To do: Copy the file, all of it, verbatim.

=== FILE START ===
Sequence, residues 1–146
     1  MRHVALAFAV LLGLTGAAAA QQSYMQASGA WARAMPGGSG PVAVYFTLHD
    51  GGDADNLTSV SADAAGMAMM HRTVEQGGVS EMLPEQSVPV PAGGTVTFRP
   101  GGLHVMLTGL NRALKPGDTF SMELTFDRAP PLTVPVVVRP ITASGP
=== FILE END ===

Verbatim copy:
Sequence, residues 1–146
     1  MRHVALAFAV LLGLTGAAAA QQSYMQASGA WARAMPGGSG PVAVYFTLHD
    51  GGDADNLTSV SADAAGMAMM HRTVEQGGVS EMLPEQSVPV PAGGTVTFRP
   101  GGLHVMLTGL NRALKPGDTF SMELTFDRAP PLTVPVVVRP ITASGP